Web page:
Veganism - life loving or cruelty free ?

LifeLovingFoods

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This morning on Twitter i read a Tweet that said something like "..Animal meat was meant to be eaten but i disagree with animal farms.. '' . By the time i wanted to find it again to comment directly it was too far away in Cyberspace :) In any case it did get me thinking as to if we do not eat meat mainly because the meat we would eat was produced in a cruel manner or is it because we don't want to take life away for our food consumption.

So i ended up face to face with 3 key questions in my mind.

One path was what if it is possible to produce ' cruelty free meats '.

Another do we consider animal life to be different than plant life and why?

And finally are we not eating meat for Life Loving reasons or for anti-cruelty reasons?

What if we could raise animals with as much love and attention as we do our pets? What if we are then able to take away animal life in a very compassionate manner? In other words lets assume we could reduce the cruelty in the animal food industry to ridiculously low levels and to a point that would make animal food products to be ' cruelty-free' produce. In that case would it be suitable as food for Vegans or at least for a majority of them?

The other question is about plant life and in how does it differ from animal life. I am not speaking about the obvious details of the difference in the manifestation of the life form but rather at the basic level of life energy. Is there a difference between the basic ' life ' element in plants and the ' life ' element in animals. If yes then what is it? If not ( meaning life as a basic element is the same ) then what are those differing elements in the manifestation of life that change the cruelty impact enough to make it acceptable for plants and not in the case of animals.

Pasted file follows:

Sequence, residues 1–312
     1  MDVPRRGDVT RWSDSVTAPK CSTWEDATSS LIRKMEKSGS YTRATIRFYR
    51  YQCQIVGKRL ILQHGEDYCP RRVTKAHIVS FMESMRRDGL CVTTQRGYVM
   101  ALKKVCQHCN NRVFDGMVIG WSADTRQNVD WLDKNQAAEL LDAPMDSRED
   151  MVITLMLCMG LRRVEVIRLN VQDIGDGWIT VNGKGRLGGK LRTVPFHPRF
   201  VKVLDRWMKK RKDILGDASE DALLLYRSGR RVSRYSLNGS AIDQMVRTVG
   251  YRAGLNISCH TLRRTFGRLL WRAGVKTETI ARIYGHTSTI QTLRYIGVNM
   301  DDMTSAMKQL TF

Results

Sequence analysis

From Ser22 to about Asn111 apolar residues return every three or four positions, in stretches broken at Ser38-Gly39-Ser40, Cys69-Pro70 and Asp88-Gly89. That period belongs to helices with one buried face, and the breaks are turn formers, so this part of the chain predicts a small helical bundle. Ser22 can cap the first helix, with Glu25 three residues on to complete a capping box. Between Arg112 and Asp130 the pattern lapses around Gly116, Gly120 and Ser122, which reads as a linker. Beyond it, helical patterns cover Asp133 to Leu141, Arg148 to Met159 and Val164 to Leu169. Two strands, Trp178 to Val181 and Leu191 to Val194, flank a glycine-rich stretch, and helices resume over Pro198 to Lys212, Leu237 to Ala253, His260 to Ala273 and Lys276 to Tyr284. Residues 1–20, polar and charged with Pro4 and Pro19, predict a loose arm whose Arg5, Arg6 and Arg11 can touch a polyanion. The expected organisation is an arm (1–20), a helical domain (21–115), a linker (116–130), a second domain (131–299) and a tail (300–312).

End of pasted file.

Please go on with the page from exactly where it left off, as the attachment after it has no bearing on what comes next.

And the final question is to better understand if we as Vegans are not eating meats and meat products because of Life Loving reasons ( again why animal life and not plant life ) or because of non-cruelty reasons? Is it because we value life very much and consider preserving it to be a valorous choice of action or is it that we resent cruelty so much and do not wish to partake of it?

I for my part am Vegan for the Life Loving reasons as it fits more coherently in my overall attitude about life in general and i consider eating plants a necessary exception but have not made a decision on the question of life as a basic element yet.

The cruelty issue is in a certain sense very subjective and so to establish levels and norms is difficult. Furthermore cruelty and suffering being associated with certain self-benefits of redemption on one hand and on misconceived interpretations on the other make it more a subject for discord than for agreement.

On this one the sharing can be of all forms, technical, philosophical, ideological, personal .... even plant and animal :-D

#vgnizm @vgnizm VGnizm.com
 

Jamie in Chile

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I think (and I think the majority of serious/ethical/strict vegans would agree) that either-

--The "life loving" element is more important.
OR
--The two elements are indistinguishable, since any animals kept for food will in practice suffer some cruelty in their lives, and that the act of taking a life for food is in itself cruel.

If we could find a way to raise animals for food and treat them very well, that will still leave fundamental questions about animal rights include the right to live free and not be used as property, and the question of the act of killing for food. So, I think most vegans would not agree with it (of course, it would still not fit with the definition of veganism in any case).
 

Jamie in Chile

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Is it because we value life very much and consider preserving it to be a valorous choice of action or is it that we resent cruelty so much and do not wish to partake of it?

#vgnizm @vgnizm VGnizm.com

If you hold the knife over the chicken's throat and ask me the question then, I'd say value of life is the more fundamental argument. So, for animals already alive, I think that is the case. But a vote for veganism is in fact a vote to not bring more farm animals into existence. In that sense, it's a vote for a less cruel world. Many vegans fail to realise it but veganism saves very few farm animals but should mean more opportunities to live (or a better standard of life) for either humans or wild animals.